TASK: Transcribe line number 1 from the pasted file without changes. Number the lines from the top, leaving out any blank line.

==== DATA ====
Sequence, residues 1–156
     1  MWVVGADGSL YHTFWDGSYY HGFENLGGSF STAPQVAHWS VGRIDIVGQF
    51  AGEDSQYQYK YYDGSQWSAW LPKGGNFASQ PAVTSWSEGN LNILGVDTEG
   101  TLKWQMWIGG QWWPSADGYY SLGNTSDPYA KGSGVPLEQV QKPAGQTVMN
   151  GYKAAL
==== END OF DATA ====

Sequence, residues 1–156